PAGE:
Scott Morrison and Christopher Pyne alongside French Defence Minister Florence Parly (AAP/Lukas Coch)

During a state address in March 2018, Russian President Vladimir Putin unveiled the world’s first nuclear-armed unmanned submarine — essentially a nuclear torpedo — known as the Poseidon. Now, more recently, Russia has announced that the first submarine capable of carrying the drone will launch in 2019.

While some experts have questioned Russia’s claims about the Poseidon’s ability to inflict damage, its development has long concerned military experts in the west.

But it’s not just Russia that’s working to harness rapidly developing underwater drone technology. On February 14, the United States Navy awarded a $43 million contract to Boeing to build four so-called Extra-Large Unmanned Undersea Vehicles code-named “Orca”.

The Orca is intended to prowl the world’s oceans under the control of its own artificial intelligence for months at a time. The US Navy says it wants to use it to locate hidden mines, track submarines and surface ships, engage in electronic surveillance  and conduct strike missions.

Australia plays catch-up

This flurry of activity on underwater drones by the world’s two biggest military powers highlights Australia’s recent decision to ink a $50 billion contract for 12 submarines with French state-owned company Naval Group.

The time frame for the delivery of these traditionally manned submarines has already been stretched out to 2034, making their manufacture and their deployment lifespan an extremely long-term project. Already, the possibility has surfaced that at least some of Australia’s existing Collins-class submarines may need to be refurbished to plug the gap until the new submarines arrive.

Military experts who spoke to Crikey have noted how significantly the strategic outlook has changed in Asia Pacific in recent years, yet Australia’s submarine strategy is making a gamble that the submarines will still be a valid asset in 30 or more years. An increasing number of experts both inside and outside the Australian Defence Force have questioned this strategy and whether the Royal Australian Navy should be placing more focus on newer technologies that are driving underwater drone development.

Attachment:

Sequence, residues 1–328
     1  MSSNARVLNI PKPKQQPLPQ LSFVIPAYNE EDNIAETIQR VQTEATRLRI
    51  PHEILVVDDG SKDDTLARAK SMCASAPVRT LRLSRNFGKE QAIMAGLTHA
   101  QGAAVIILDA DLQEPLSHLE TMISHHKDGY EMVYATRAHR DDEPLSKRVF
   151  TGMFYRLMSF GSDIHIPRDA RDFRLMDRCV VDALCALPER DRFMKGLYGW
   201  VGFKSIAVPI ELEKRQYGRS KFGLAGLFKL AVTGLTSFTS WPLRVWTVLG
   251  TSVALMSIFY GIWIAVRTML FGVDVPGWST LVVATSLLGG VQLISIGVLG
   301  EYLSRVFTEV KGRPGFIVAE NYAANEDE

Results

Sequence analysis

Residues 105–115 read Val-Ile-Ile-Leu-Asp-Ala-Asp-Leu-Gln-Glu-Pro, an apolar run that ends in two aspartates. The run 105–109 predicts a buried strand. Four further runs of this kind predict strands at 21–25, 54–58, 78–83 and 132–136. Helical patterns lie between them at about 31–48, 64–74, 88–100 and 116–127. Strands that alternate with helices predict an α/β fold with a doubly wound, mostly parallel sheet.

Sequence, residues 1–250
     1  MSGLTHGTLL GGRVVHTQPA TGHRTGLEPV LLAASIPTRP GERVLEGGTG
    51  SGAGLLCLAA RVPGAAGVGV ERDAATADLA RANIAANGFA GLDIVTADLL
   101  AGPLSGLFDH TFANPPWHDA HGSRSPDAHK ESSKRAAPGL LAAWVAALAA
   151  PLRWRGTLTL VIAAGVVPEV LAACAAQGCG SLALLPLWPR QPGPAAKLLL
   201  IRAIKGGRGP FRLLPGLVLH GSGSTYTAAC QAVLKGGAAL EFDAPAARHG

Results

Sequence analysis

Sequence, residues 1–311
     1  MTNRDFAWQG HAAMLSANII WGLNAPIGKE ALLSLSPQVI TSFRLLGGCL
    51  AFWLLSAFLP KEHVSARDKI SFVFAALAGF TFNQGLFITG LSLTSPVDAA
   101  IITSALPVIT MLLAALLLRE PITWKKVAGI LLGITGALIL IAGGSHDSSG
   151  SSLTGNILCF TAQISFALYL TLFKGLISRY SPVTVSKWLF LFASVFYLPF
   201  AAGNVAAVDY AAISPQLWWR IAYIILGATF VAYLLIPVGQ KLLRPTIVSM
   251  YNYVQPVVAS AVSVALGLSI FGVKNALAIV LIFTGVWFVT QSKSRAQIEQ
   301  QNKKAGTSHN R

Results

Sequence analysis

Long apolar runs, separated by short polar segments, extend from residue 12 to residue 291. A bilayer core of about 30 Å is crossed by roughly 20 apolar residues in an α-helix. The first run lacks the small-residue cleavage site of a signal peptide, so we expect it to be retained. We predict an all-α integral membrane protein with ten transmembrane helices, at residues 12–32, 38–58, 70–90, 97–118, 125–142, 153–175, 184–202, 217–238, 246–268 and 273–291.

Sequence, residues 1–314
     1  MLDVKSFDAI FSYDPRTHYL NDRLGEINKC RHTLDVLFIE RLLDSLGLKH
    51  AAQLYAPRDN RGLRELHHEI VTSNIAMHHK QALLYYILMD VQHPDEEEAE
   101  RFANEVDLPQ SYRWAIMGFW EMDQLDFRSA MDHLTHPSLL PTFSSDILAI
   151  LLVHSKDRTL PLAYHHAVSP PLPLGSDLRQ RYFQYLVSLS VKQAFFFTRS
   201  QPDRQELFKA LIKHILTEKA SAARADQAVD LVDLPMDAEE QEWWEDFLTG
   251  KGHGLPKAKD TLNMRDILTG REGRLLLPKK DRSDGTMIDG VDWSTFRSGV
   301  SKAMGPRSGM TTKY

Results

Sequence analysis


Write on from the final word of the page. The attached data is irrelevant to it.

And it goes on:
What are underwater drones?

Submarines remain a valuable strategic asset. They can take out shipping, remain undetected while gathering intelligence, carry huge payloads — both nuclear and traditional — and strike relatively quickly. 

Broadly speaking, there are two classes of unmanned submarines, or unmanned underwater vehicles (UUVs): remotely operated underwater vehicles, controlled by a remote human operator in the same way as aerial drones; and autonomous underwater vehicles, which operate independently of direct human control using sophisticated sensor technology.

UUV’s are not solely for defence — ocean and climate researchers are also pinning their hopes on this new class of submersibles considerably adding to research capabilities. There’s also a growing sector of detection technologies, nanotechnology and magnetics involved in their rise. 

What is the navy doing about underwater drones?

The Royal Australian Navy is paying a small amount of attention to UUVs. Last year it put on an open day at HMAS Cresswell in Jervis Bay to showcase autonomous technology. But it has not been part of the public conversations involved with the navy’s $90 billion Naval Shipbuilding Plan, of which the submarine contract is the biggest single component.

Critics say that this is because there is no political mileage in underwater drones. But, as one navy insider put it, the dilemma is what happens if we do nothing.

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